Roberto Markarian roma en fing.edu.uy
Mar Mar 29 13:12:43 UYT 2011

About The Future of Mathematical Journals
> (CNRS-Institut des Hautes Études Scientifiques, Bures-sur-Yvette, France)
> Recently I was invited to take part in a workshop on "The Future of
> Mathematical Journals" held at MSRI at the initiative of the American
> Mathematical Society and the London Mathematical Society. We all know
> that this question is of paramount importance for the development of
> our discipline. It has many aspects, some quite technical, some
> economical and some political. The point I stressed in my presentation
> at the workshop was the need to approach the problem using a systemic
> approach, as it is typically a question in which secondary effects can
> have, in the long run, the same impact as primary effects.
> As we all know, mathematicians developed a usage of mathematical
> journals that is, in many respects, specific to them. Journals are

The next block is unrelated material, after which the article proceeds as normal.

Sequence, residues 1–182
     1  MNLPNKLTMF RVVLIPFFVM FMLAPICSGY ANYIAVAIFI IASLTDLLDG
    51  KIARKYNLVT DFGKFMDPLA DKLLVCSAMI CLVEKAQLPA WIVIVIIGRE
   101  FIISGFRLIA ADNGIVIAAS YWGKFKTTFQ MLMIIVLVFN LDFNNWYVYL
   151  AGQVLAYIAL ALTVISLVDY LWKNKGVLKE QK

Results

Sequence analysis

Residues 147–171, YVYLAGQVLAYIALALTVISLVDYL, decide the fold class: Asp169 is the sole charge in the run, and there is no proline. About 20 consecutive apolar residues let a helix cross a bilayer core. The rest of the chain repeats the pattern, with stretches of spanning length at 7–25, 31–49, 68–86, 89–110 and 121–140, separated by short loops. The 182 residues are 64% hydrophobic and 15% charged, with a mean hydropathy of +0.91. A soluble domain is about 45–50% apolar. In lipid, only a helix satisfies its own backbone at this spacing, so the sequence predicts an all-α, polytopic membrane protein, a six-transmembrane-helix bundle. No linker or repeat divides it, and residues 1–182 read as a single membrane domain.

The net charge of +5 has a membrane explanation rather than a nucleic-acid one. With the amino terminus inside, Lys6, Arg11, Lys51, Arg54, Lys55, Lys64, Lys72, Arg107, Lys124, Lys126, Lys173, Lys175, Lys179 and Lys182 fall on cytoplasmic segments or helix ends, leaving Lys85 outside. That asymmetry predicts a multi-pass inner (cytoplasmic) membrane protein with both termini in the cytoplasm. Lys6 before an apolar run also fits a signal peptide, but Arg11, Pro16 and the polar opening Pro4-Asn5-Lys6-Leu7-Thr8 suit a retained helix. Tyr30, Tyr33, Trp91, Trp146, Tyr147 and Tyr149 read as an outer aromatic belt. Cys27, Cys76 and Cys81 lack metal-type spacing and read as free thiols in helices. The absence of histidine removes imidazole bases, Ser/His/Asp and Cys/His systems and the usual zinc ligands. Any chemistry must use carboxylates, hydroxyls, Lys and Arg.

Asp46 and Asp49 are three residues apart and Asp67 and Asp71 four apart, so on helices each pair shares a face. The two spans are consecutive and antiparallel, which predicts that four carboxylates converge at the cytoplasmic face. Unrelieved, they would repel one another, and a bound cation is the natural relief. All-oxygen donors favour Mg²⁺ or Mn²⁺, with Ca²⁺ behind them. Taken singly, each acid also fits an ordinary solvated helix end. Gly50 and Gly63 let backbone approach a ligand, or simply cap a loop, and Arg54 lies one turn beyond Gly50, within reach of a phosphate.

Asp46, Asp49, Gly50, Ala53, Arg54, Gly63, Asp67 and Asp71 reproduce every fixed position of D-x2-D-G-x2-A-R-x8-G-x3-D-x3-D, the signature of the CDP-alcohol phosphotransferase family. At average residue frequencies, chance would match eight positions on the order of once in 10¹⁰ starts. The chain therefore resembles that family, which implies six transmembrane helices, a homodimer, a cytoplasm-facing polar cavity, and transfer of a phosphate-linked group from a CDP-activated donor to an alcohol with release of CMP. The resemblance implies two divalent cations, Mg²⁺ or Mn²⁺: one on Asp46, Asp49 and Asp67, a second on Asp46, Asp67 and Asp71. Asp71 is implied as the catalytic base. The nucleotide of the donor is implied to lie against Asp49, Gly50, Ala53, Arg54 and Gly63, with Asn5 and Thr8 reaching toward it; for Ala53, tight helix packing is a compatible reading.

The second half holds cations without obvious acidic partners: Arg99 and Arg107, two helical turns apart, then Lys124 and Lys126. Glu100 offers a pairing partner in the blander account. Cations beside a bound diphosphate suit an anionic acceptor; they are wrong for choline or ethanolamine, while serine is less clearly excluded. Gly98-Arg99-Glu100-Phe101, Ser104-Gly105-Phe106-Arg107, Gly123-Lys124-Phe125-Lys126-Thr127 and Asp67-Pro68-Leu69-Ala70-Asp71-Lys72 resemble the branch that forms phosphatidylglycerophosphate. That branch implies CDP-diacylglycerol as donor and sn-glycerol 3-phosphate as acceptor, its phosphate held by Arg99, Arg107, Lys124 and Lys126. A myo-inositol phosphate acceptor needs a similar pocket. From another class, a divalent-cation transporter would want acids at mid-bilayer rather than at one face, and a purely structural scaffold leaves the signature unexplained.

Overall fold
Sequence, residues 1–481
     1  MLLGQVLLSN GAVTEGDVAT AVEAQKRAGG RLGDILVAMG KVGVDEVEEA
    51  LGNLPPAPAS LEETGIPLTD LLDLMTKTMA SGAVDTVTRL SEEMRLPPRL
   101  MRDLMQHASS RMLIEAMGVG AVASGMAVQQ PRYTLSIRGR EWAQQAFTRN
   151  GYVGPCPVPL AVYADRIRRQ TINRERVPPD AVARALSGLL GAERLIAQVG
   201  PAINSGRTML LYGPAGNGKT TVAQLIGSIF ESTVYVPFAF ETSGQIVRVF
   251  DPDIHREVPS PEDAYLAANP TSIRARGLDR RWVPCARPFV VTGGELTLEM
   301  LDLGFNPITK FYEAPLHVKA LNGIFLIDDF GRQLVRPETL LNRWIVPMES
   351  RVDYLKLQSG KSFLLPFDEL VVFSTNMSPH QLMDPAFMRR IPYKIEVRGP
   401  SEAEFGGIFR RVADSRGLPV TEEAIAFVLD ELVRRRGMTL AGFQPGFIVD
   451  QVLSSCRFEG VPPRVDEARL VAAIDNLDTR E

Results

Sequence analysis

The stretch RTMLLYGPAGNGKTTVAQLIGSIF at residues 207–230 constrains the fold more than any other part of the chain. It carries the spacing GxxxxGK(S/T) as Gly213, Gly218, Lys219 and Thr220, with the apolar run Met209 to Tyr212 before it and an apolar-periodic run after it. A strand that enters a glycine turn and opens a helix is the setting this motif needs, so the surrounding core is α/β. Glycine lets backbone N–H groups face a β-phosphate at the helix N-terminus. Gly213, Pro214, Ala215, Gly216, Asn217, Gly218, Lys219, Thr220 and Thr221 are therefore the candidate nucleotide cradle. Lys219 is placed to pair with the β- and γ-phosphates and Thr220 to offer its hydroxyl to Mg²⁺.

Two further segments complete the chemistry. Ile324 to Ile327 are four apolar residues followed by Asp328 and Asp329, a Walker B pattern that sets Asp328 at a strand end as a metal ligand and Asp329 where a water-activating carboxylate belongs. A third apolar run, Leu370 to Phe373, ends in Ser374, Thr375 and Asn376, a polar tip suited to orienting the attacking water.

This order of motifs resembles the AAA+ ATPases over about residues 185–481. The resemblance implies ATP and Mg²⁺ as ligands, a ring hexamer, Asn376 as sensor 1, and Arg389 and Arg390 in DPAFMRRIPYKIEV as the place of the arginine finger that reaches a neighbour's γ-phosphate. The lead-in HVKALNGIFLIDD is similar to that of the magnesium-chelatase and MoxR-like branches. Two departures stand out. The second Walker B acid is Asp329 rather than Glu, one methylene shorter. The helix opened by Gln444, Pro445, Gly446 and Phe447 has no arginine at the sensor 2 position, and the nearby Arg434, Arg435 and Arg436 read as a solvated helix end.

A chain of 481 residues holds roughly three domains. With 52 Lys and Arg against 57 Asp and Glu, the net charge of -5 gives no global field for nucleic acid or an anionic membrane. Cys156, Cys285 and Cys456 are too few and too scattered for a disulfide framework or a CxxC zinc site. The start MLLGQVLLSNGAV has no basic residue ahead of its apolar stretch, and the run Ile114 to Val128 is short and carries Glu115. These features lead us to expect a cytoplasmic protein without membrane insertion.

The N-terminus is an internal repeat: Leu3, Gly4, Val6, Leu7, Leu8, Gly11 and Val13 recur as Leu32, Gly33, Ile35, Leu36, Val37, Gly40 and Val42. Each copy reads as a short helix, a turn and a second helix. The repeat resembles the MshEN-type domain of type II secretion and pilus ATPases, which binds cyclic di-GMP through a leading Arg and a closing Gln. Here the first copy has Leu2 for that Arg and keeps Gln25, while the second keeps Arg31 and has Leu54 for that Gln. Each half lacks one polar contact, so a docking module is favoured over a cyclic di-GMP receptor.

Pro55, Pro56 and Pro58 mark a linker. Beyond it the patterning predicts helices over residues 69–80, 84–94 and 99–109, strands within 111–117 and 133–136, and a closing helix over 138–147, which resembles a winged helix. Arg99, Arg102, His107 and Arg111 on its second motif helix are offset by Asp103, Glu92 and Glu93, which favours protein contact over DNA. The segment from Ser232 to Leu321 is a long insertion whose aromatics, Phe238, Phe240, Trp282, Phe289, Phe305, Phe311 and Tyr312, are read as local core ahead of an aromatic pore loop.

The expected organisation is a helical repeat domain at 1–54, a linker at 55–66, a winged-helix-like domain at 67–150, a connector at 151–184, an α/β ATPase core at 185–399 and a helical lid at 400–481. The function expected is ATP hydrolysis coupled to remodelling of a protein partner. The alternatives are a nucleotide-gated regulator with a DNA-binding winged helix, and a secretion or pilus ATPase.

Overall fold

> supported by the community in the sense that submitting articles to
> journals is free, and referees evaluate articles also for free,
> although this work is sometimes extremely time consuming as it
> requires thorough checking of content. Also, because of the long term
> value of published articles, mathematicians care about the long term
> accessibility to mathematical literature.
> This model has been recently under great pressure for several reasons,
> all connected to the new possibilities offered by internet to access
> information. The question of "free access" has become a central issue.